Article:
cricketmuse

a writer's journey as a reader

Fare thee Well, and so it ’tis…


English: Daguerreotype of the poet Emily Dicki...

English: Daguerreotype of the poet Emily Dickinson, taken circa 1848. (Original is scratched.) From the Todd-Bingham Picture Collection and Family Papers, Yale University Manuscripts & Archives Digital Images Database, Yale University, New Haven, Connecticut. (Photo credit: Wikipedia)

 

we part with such sweet sorrow,
the course is spent,
Come again Aprile as would t’morrow.

 

True–it’s over. Every day the Cricket has Mused her way through National Poetry Month.  Thanks for joining and I look forward to next year.  Thanks for the stop bys, comments, and new followers.

 

My favorite poems?  Certainly.  Glad you asked. Here a a couple I never tire of:

 

“Hope” is the thing with feathers

 

254

“Hope” is the thing with feathers—
That perches in the soul—
And sings the tune without the words—
And never stops—at all—

And sweetest—in the Gale—is heard—
And sore must be the storm—
That could abash the little Bird
That kept so many warm—

I’ve heard it in the chillest land—
And on the strangest Sea—
Yet, never, in Extremity,
It asked a crumb—of Me.

Emily Dickinson

English: Billy Collins at D.G. Wills Books, La...

English: Billy Collins at D.G. Wills Books, La Jolla, San Diego Deutsch: Billy Collins bei D.G. Wills Books, La Jolla, San Diego (Photo credit: Wikipedia)

Introduction To Poetry

I ask them to take a poem
and hold it up to the light
like a color slide

or press an ear against its hive.

I say drop a mouse into a poem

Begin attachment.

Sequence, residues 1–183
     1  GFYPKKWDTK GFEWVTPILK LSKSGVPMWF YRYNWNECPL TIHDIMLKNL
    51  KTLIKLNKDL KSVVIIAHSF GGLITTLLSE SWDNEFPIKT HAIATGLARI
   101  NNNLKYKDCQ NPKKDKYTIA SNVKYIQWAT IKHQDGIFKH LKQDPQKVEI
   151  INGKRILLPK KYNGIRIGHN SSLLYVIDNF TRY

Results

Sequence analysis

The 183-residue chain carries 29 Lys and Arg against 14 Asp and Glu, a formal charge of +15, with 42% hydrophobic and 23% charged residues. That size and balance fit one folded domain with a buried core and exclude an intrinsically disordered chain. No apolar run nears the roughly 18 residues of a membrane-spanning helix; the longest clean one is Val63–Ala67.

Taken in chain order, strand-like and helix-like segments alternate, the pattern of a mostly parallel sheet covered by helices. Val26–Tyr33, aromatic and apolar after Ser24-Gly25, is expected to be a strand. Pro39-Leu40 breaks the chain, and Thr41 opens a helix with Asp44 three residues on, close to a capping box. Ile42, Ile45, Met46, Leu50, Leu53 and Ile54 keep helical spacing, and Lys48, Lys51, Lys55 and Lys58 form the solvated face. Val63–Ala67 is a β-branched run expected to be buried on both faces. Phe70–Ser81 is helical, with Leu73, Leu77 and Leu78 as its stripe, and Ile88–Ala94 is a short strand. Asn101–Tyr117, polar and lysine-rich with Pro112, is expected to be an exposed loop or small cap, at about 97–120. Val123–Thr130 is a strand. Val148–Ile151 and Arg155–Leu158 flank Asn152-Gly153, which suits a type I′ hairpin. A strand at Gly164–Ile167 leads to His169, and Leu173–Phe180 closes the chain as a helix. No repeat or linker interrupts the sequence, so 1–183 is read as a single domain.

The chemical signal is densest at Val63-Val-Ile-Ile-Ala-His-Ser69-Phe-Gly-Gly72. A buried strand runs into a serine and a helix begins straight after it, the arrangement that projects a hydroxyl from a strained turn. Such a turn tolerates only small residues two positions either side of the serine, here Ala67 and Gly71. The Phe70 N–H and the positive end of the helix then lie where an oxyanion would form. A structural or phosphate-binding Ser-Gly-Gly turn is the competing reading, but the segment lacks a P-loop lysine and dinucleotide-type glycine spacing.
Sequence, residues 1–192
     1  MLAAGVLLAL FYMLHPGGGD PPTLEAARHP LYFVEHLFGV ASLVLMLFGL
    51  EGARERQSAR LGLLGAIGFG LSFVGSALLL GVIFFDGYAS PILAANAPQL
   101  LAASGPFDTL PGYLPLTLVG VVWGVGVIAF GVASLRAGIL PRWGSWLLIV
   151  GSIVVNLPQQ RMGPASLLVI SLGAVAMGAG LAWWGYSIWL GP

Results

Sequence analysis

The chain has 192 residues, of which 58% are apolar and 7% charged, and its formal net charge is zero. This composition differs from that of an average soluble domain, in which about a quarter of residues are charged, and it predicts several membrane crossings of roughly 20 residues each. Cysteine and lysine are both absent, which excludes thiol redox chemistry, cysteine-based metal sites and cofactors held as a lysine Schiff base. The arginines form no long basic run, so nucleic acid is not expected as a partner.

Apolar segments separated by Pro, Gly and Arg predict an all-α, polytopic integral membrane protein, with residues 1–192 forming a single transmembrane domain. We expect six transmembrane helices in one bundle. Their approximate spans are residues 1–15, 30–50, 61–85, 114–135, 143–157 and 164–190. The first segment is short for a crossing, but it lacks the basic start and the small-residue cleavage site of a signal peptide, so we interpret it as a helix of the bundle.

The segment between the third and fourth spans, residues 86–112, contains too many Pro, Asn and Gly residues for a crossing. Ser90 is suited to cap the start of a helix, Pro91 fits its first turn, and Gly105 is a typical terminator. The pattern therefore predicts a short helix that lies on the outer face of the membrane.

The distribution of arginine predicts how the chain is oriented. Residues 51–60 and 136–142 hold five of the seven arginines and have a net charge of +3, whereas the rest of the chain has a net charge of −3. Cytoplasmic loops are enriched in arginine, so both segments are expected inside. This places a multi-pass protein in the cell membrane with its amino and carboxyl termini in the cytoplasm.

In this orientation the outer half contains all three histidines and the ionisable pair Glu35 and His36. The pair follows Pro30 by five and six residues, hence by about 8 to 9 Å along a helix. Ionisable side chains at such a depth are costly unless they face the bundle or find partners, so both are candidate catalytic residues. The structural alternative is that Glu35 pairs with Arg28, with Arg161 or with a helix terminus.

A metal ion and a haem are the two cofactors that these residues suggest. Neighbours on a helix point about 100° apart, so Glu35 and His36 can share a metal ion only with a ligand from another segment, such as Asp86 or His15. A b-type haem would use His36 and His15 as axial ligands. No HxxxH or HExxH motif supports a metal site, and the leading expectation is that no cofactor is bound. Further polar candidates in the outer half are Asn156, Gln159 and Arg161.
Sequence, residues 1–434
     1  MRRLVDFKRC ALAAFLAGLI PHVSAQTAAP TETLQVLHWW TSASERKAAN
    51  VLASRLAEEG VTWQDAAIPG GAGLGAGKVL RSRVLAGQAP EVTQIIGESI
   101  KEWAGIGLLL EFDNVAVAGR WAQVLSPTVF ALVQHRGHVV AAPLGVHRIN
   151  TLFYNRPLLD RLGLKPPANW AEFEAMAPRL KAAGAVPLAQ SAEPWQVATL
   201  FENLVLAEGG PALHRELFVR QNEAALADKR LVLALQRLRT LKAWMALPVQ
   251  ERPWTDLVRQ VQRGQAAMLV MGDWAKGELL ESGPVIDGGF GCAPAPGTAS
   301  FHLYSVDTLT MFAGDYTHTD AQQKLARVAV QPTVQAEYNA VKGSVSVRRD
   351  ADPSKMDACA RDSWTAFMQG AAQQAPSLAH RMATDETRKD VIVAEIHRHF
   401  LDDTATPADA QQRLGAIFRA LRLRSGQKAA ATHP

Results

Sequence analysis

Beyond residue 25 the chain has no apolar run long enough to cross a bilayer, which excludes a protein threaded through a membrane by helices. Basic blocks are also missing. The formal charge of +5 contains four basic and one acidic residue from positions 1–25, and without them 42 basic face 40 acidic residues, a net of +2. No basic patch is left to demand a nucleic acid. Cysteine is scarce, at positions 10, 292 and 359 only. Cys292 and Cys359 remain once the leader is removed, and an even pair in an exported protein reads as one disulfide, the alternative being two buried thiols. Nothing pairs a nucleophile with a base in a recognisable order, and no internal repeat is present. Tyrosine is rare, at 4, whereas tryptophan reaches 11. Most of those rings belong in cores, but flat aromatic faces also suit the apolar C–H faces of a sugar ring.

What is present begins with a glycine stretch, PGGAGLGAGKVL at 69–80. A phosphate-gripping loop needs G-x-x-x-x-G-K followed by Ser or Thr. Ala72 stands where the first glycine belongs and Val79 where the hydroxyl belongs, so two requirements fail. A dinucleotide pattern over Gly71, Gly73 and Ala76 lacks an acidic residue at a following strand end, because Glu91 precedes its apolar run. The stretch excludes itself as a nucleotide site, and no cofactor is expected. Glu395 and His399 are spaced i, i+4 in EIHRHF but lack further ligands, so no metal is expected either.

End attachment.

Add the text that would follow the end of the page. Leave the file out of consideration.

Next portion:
and watch him probe his way out,

or walk inside the poem’s room
and feel the walls for a light switch.

I want them to waterski
across the surface of a poem
waving at the author’s name on the shore.

But all they want to do
is tie the poem to a chair with rope
and torture a confession out of it.

They begin beating it with a hose
to find out what it really means.

Billy Collins

 

Emily rocks. Hands down, she is ThE Poet who has changed the landscape of verse, that is except for The Bard.  Now, as for Billy.  He’s cool.  He is such a poet pro he’s even been named Poet Laureate (high honors, that). His “Teaching Poetry” always reminds me to NOT beat the snot out of a poem when teaching poetry.

What are your absolute all time favorite poems?

 

 

 

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6 thoughts on “Fare thee Well, and so it ’tis…

  1. Elise on said:

    Thank you for celebrating poets and poetry all through April!

  2. “Hope” is the thing with feathers— etc. That is what “”I” call poetry. Just beautiful , It really sings. It penetrates and reaches the soul, just doesn’t bounce straight off you. And this one made me cry. Beauty does that.

  3. Many of my favorite poems have the word “Nantucket” in them.

    Ahem. I’ll see myself out.

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